‘The phrase “sin in the flesh” is metonymical. It is not expressive of a literal element or principle pervading the physical organization. Literally, sin is disobedience, or the act of rebellion. The impulses that lead to this, reside in the flesh, and therefore come to be called by the name of the act to which they give birth. In determining first principles, we must be accurate in our conceptions. The impulses that lead to sin existed in Adam before disobedience, as much as they did afterwards; else disobedience would not have occurred. These impulses are in their own place legitimate enough. We can judge of this matter by experience, because the human nature under discussion is the human nature we have upon ourselves and see in operation around us. There is no such thing as essential evil or sin. Evil and sin are relative terms. There is no propensity but subserves a good purpose in its own place. Sin is forbidden use; evil, interference with desired conditions as a punishment of sin, sometimes flowing out of sin itself. The difficulty is to keep the impulses in the legitimate channel.’, ibid., p. 85.
 ‘Adam, before transgression, though a living soul (or natural body—1 Cor. 15:44–5), was not necessarily destined to die, as obedience would have ended in life immortal. After transgression, his relation to destiny was changed. Death (by sentence,) was constituted the inevitable upshot of his career. He was, therefore, in a new condition as regarded the future, though not in a new condition as regarded the actual state of his nature. In actual nature, he was a corruptible groundling before sentence, and a corruptible groundling after sentence; but there was this difference: before sentence, ultimate immortality was possible; after sentence, death was a certainty. This change in the destiny lying before him, was the result of sin.’, Roberts, ‘Apparent Contradictions Reconciled’, The Christadelphian (6.62.243), 1869.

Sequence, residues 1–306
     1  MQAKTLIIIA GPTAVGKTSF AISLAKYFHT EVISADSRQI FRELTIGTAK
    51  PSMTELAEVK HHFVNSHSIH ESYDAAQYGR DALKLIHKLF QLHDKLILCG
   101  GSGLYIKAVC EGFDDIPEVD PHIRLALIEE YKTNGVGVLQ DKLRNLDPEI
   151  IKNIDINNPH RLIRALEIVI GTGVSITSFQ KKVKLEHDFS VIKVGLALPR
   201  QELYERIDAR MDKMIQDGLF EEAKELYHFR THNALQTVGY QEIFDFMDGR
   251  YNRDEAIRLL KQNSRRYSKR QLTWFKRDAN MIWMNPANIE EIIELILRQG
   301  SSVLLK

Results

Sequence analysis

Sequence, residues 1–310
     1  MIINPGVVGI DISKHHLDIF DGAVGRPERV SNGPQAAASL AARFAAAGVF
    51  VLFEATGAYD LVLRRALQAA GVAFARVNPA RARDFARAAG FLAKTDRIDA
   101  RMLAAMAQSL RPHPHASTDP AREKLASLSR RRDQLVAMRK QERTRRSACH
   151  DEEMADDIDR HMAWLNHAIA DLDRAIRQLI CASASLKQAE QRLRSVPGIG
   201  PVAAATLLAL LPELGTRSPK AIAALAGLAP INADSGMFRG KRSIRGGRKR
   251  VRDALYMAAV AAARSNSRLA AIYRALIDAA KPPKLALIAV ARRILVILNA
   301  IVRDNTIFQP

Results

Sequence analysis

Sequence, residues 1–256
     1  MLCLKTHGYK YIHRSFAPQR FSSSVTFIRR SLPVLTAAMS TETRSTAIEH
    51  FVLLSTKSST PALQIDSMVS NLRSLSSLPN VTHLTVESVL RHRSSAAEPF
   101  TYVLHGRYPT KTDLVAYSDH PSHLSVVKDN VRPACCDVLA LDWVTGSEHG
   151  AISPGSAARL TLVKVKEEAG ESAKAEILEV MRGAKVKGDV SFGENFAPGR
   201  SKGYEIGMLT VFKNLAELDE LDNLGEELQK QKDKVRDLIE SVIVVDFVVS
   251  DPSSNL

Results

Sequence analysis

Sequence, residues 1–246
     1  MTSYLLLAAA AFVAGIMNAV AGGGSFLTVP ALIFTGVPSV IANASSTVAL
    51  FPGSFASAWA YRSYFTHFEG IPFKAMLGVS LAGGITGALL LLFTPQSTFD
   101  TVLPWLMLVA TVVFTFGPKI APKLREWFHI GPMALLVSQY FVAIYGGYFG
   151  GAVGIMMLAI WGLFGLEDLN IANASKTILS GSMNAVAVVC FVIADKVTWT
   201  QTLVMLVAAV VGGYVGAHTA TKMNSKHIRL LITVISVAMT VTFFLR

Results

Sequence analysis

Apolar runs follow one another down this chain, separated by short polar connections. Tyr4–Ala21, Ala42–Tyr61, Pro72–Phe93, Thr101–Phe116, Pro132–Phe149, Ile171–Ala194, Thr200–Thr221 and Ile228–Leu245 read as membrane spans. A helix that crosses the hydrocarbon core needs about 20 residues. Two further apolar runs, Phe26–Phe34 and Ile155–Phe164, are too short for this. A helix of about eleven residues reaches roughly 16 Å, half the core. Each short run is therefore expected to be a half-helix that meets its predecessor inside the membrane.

‘That is, his disobedience evoked from God a decree of ultimate dissolution. This was the sentence of death, which, though effecting no change as regarded his constitution at the moment it was pronounced, determined a great physical fact concerning his future experience, viz., that immortality, by change to spirit nature, was impossible, and decay and decease inevitable. The sentence of death, therefore, appertained to his physical nature, and was necessarily transmitted in his blood, to every being resulting from the propagation of his own species.’ , ibid., p. 244.
 ‘Brother Roberts became much more conservative on this matter in after years, and so does everyone who, like him, has a great respect for the Word of God.’, Walker, ‘Was the Nature of Adam Changed After He Sinned in Eden?’, The Christadelphian (58.684.258), 1921.
 Speculation that Adam and Eve would surely have had more than three children by the time they had Seth when Adam was 105, is contra-indicated by the fact that Noah didn’t have children until he was 500 years old, and still had only three children by the time he was 600 years old (Genesis 5:32; 7:6). The fact is that when the Bible wants to refer to additional sons and daughters in the record of Adam, it does so explicitly; ‘during this time he had other sons and daughters’ (Genesis 5:4), ‘and he had other sons and daughters (Genesis 5:6, 10, 13, 16, 19, 22, 30).
 ‘it would seem reasonable to conclude from the principle already looked at – the divine sparingness of means – that the flood was co-extensive only with the Adamically-inhabited portion of the globe.’, Roberts, ‘The Visible Hand of God’, The Christadelphian (18.205.308), 1881; however brother Roberts still believed all humans had perished in this local flood.